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Old 06-04-2003, 12:21 AM   #2
sanosuke
Dojo: Seigi Dojo
Location: Jakarta
Join Date: Nov 2002
Posts: 247
Indonesia
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Quote:
Are your techniques to cripple, incapacitate, or otherwise damage uke?
At first yes, but after some time I learned that without uke I can't practice, so that we must take care of our uke also. Same thing on the street, the people who mug us might not have the intention to do so, but because of no other way earning money he became a mugger, we just have to make him realize that what what he done is wrong. Now I'm trying to learn how to control without inflicting pain on my uke. I'm also more into projection rather than pins or locks now.
Quote:
Where is your line for violence?
This is very relative among people, some people said when the uke is already crippled then it's called violent. Some other people think that when your uke is tapping it's already called violent. To me, my line of violence is when the uke tap, because when uke tap it means that the pain is already unbearable, and it's our duty to loose it. Don't let uke tap for two times.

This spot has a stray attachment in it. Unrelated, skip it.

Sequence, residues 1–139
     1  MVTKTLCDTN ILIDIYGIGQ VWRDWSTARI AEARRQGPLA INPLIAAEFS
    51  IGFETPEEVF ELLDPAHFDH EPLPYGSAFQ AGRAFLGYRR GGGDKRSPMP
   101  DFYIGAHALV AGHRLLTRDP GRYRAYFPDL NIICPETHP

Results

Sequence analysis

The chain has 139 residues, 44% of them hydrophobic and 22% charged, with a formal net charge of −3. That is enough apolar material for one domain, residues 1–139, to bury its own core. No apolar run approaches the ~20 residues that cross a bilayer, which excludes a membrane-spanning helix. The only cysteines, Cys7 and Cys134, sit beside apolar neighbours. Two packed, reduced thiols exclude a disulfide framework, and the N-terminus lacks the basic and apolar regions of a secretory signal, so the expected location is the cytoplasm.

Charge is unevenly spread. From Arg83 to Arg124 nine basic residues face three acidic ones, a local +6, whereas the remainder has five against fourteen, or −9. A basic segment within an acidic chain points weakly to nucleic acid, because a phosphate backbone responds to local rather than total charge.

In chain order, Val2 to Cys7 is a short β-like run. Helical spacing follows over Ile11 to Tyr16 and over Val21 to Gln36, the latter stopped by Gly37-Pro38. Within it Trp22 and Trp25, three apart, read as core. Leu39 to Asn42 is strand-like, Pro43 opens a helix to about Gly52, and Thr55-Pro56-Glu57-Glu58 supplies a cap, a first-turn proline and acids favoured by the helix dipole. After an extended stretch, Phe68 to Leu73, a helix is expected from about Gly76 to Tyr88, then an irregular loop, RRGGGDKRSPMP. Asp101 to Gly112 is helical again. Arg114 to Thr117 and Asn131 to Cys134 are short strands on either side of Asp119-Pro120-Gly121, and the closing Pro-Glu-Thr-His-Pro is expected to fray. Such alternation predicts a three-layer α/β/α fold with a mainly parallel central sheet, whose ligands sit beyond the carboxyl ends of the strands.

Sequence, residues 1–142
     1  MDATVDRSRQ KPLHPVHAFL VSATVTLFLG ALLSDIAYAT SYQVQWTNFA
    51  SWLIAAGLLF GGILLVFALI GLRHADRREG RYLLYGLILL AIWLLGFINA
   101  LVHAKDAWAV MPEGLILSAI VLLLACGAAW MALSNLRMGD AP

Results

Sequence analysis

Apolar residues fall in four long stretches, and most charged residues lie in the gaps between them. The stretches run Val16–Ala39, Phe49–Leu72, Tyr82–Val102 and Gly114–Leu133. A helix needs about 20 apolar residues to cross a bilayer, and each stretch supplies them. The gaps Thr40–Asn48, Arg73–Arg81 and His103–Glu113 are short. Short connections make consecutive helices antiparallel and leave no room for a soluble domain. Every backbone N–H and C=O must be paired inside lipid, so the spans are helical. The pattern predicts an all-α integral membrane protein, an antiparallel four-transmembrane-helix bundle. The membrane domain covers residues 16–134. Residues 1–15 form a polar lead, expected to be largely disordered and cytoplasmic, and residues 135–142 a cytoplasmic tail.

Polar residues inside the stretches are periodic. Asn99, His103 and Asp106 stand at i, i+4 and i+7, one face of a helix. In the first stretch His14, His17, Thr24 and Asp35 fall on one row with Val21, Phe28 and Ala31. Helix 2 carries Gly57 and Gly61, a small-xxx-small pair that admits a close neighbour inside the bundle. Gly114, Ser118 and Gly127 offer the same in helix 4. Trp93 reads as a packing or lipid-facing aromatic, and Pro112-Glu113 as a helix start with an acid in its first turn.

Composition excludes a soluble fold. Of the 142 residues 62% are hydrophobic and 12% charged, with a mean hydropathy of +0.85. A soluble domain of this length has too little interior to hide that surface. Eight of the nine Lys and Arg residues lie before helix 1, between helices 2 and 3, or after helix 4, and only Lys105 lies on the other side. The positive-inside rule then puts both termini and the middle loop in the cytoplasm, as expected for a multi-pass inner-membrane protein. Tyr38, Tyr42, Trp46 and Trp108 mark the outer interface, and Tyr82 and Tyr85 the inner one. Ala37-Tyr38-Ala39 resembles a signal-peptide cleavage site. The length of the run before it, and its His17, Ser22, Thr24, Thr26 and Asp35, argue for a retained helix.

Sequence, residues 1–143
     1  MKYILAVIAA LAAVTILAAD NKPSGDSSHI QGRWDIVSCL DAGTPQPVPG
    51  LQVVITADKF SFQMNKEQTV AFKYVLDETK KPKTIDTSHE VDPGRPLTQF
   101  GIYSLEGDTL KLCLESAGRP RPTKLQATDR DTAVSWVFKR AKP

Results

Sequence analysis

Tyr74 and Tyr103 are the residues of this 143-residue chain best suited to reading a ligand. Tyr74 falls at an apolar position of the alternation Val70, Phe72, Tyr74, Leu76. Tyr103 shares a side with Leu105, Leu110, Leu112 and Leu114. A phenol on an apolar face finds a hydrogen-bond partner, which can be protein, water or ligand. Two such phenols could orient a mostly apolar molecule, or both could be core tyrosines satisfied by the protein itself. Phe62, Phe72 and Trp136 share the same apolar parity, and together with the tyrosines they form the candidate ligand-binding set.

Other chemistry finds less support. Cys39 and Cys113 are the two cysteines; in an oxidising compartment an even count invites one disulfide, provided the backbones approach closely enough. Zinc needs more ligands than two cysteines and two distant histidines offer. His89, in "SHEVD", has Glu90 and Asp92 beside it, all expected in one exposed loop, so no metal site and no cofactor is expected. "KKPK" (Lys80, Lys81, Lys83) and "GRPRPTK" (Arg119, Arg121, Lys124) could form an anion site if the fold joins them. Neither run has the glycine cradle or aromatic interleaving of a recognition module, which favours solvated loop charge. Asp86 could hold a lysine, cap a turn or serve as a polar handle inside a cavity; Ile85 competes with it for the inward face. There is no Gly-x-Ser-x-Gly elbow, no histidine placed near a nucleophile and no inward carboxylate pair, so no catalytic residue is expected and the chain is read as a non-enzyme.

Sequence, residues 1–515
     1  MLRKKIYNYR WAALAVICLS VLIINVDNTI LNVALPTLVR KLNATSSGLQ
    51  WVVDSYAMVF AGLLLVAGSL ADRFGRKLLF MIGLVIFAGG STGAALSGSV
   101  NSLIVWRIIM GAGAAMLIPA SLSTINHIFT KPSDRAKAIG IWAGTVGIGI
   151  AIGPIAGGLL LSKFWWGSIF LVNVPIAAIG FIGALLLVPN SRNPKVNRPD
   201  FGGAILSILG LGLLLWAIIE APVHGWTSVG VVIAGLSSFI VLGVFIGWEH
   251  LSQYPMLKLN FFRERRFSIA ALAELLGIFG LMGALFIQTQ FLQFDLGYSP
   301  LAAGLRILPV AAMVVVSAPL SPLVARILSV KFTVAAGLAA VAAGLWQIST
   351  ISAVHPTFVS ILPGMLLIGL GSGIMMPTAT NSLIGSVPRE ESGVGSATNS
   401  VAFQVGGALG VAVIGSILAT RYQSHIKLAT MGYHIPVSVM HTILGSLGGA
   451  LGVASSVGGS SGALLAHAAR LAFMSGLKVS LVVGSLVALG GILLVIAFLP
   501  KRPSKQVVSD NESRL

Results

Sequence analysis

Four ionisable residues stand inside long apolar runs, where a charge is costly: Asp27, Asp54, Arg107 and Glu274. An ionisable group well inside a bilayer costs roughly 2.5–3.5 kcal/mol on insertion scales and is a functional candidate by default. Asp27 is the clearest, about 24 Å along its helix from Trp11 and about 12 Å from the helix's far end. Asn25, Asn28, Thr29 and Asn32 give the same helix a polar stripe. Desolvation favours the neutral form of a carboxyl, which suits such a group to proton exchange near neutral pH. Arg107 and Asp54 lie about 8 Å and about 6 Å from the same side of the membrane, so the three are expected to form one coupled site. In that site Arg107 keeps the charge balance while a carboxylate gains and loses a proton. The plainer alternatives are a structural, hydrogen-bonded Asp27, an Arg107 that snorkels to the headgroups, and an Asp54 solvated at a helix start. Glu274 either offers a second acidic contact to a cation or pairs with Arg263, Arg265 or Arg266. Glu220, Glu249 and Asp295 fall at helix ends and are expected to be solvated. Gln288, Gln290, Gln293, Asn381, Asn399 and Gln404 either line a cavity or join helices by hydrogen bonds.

I strongly against people that tighten their pins/locks although the uke already tapping, this is what I called violent.

In real life situation, I think violence is when you feel arrogant or better or deserving more than others. Small example is when you don't give your lane for others during traffic jam,most people doing this because they think they already queue that people don't deserve to take their lane, causing more severe traffic jam. I think this was called in aikido "when your ego strikes you back".

That's what I'm thinking. Thanks a lot for a wonderful topic.
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